New assessment of a structural alphabet.

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Alexandre de Brevern

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Alexandre de Brevern. New assessment of a structural alphabet.. In Silico Biol, 2005, 5 (3), pp.283-9. �inserm-00132875�


New assessment of a structural alphabet

Alexandre G. de Brevern *



Equipe de Bioinformatique Génomique et Moléculaire (EBGM),

INSERM U 726, Université Denis DIDEROT - Paris 7, case 7113,

2, place Jussieu, 75251 Paris, France

* Corresponding author:

mailing address: Dr. de Brevern A.G., Equipe de Bioinformatique Génomique et

Moléculaire (EBGM), INSERM U 726, Université Denis DIDEROT - Paris 7,

case 7113, 2, place Jussieu, 75251 Paris, France

E-mail :

Tel: (33) 1 44 27 77 31

Fax: (33) 1 43 26 38 30

Running title: Protein Blocks

key words: secondary structure, structure-sequence relationship, ab initio.


Summary: A statistical analysis of the Protein Databank (PDB) structures had led us to

define a set of small 3D structural prototypes called Protein Blocks (PBs). This structural alphabet includes 16 PBs, each one defined by the (Φ, Ψ) dihedral angles of 5 consecutive residues. Here, we analyze the effect of the enlargement of the PDB on the PBs’ definition. The results highlight the quality of the 3D approximation ensured by the PBs. These last could be of great interest in ab initio modeling.

Introduction. Protein folds are often described as a succession of secondary structures.

Nonetheless, this description does not allow the protein structures to be precisely described at the 3D level, because (i) it omits the relative orientation of connecting regions, (ii) irregularities are found both in helical and extended structures [1, 2] and (iii) the coil state, which represents 50% of all residues, corresponds to a large set of distinct local protein structures [3].

These observations have led to a new view of 3D protein structures. They are now thought to be composed of a combination of small local structures or fragments defining “a structural alphabet” [4] Different teams have described these local protein structures according to different criteria (e.g. [5]).

Our structural alphabet is composed of 16 average protein fragments, 5 residues in length, which we call Protein Blocks. These PBs have been used both to describe 3D protein backbones and to predict local structures [6 - 8]. They have been used to analyze long protein fragments [9 - 12] and to predict short loops [13]. Karchin and co-workers have compared the features of this alphabet with those of 8 other structural alphabets. Their results show clearly that our PB alphabet is highly informative, with the best predictive ability of those tested [14]. Here, we present a new evaluation of the PB features with an updated databank. This analysis focuses on the distribution of PB’s frequencies, their main transitions, the relationship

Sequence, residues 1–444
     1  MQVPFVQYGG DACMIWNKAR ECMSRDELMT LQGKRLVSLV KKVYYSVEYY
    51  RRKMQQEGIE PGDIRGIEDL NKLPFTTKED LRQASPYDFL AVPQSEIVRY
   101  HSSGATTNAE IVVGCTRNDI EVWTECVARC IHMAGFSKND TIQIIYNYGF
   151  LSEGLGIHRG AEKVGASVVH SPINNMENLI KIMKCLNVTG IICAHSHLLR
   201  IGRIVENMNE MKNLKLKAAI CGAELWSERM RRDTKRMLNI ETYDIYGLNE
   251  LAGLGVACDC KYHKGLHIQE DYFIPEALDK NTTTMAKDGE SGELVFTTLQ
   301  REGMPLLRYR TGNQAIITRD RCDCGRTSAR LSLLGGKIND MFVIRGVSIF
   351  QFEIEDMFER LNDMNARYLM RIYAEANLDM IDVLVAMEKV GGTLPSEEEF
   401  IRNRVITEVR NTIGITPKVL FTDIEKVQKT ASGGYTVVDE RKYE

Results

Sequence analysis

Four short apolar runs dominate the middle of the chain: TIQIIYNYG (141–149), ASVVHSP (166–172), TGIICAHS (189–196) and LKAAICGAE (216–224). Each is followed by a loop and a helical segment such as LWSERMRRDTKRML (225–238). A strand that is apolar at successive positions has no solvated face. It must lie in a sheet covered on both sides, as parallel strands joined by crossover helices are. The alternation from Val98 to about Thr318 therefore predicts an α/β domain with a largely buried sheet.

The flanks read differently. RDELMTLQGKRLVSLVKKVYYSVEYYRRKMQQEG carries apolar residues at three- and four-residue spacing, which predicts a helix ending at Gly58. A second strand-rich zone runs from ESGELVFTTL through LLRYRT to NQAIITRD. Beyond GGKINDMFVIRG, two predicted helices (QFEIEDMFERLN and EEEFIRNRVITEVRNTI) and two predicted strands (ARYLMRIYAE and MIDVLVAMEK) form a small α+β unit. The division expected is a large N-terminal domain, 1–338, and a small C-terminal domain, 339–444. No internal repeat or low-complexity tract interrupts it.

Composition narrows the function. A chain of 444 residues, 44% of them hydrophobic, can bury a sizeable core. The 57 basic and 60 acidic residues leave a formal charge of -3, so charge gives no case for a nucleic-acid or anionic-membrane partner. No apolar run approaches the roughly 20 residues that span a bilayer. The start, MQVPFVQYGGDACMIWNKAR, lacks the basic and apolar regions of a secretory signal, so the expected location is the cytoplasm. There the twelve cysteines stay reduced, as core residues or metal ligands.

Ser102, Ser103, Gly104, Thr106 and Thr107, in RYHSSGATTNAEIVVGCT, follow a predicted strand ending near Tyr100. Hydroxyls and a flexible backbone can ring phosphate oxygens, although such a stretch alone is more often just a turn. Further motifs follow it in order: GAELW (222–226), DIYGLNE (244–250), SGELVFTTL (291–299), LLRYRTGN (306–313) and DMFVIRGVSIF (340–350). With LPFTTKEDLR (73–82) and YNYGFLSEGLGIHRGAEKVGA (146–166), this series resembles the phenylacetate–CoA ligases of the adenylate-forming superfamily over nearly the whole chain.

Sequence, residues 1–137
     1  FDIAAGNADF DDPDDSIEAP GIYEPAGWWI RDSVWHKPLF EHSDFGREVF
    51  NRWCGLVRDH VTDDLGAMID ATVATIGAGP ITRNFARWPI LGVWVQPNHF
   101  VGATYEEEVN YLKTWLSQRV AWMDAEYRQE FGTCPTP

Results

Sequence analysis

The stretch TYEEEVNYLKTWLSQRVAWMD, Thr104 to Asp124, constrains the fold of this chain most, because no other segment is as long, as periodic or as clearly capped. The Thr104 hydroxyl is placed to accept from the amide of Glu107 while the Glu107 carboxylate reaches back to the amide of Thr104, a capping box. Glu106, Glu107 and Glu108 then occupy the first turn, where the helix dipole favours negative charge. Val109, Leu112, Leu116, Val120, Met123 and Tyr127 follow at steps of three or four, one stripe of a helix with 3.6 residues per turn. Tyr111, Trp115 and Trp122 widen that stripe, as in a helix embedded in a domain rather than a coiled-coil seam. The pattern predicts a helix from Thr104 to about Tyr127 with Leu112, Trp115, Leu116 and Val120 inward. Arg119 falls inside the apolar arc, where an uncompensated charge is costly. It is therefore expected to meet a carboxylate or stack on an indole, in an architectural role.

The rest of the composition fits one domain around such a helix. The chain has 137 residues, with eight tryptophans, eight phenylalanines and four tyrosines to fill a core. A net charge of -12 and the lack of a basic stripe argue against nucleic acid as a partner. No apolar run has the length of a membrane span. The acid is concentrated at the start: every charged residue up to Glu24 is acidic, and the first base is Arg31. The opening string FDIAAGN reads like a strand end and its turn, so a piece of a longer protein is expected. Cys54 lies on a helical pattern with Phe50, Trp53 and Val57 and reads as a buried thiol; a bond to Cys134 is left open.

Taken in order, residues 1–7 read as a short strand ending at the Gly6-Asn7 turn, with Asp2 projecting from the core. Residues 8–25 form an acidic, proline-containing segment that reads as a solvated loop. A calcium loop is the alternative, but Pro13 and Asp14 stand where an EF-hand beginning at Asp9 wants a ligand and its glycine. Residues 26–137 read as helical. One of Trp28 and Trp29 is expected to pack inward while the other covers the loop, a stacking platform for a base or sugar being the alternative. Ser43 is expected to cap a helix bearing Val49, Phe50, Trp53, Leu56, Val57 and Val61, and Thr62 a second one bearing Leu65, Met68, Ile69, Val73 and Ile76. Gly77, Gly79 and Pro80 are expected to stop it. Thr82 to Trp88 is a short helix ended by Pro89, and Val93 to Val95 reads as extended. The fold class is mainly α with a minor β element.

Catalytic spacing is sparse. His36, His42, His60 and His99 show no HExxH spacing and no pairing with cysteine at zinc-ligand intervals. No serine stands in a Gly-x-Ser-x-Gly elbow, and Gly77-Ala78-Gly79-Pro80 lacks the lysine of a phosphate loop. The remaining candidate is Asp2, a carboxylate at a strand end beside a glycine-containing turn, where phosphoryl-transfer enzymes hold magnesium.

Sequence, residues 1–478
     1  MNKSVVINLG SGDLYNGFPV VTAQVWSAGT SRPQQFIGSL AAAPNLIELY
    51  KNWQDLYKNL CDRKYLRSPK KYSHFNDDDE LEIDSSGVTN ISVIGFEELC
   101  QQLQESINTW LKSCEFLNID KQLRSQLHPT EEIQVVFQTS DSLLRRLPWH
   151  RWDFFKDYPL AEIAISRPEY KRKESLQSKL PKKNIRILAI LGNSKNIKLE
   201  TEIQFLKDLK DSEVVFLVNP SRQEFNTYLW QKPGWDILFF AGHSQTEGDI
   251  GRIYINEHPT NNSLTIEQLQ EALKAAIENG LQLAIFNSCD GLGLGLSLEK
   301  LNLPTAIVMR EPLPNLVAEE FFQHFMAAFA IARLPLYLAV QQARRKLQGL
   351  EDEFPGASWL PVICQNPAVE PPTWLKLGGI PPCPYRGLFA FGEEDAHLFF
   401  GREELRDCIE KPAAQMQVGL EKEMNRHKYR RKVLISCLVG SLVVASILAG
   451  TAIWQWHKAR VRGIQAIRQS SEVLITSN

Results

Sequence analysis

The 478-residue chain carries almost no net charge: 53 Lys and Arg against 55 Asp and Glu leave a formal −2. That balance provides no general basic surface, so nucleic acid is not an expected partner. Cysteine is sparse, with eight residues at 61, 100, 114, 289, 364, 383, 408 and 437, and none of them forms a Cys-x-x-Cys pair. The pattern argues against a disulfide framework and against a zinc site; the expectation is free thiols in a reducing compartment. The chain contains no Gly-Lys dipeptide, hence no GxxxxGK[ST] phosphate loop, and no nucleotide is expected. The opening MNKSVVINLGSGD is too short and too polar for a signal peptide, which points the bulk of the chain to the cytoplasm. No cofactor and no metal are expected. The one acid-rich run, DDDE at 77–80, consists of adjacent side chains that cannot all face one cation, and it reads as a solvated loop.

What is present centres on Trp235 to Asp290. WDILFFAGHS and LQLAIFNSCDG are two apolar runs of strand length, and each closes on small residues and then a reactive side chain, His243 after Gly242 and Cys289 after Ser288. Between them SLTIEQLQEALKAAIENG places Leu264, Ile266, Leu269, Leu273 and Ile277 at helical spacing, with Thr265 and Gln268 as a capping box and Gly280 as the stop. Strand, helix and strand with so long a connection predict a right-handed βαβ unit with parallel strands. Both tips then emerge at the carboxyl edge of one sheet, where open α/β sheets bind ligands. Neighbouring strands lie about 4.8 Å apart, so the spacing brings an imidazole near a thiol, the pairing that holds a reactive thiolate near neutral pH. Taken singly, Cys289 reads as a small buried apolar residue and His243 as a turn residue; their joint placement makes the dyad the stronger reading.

between PBs and secondary structures and the evaluation of geometrical features of PBs with different criteria.

Datasets: This study considers four sets of proteins used in recent work [7, 9]. We

preferentially used the PAPIA set, from the PDB-REPRDB database [15] composed of 717 protein chains and 180,854 residues. The set contains proteins with no more than 30% pairwise sequence identity, X-ray crystallographic resolutions better than 2.0 Å, and an R-factor less than 0.2. Each selected structure has a rmsd (root mean square deviation, average Euclidean distance between superimposed Cα) value greater than 10 Å between every representative chain. An updated dataset [8] is defined from the PDB-REPRDB database [15] with the same criteria as PAPIA. It comprises 1407 protein chains and 293,507 residues.

Protein coding: The protein structures are encoded as sequences of φ - ψ dihedral angles. They are cut into consecutive overlapping fragments, each M (= 5) amino acids in length. A fragment is defined by a signal of 2(M-1) dihedral angular values (= 8). The fragment signal is compared with each PB signal with the rmsda (root mean square deviation on angular values, the Euclidean distance of dihedral angles) measure. The lowest rmsda value for the 2(M-1) angles determines the PB assignment [6]. A PB is assigned to each position along the sequence except for the two residues on each end.

PB’s frequencies: The frequencies of the PBs remain stable between all the different

databanks used (see column 2 of Table 1). Most of the PBs have a frequency variation less than 0.2% (compared to our previous study [6]). The greatest difference is observed for PB c, which decreases by 0.5% (from 8.63% to 8.12%). The PB j remains the less frequent PB (0.83%). The central part of repetitive structures, i.e. PB m for the α-helix and PB d for the


strand represent 49.1% of all the PBs. Coarsely, the C and N-caps of PB m (PBs k, l, n, o and p) represent 19.1% of the databank, the C and N-caps of PB d (PBs a, b, c, e and f) 25.5% and the PBs entirely coils (PBs from g to j) 6.3%. The number of PB repeats, anr, (see column 3 of Table 1), of PB m increases slightly from 6.74 to a value of 7.00, i.e. the helices are longer than in the previous work. This fact is observed in all the new databanks.

Transitions : The transitions between PBs are similar to the previous ones (cf. Table 1,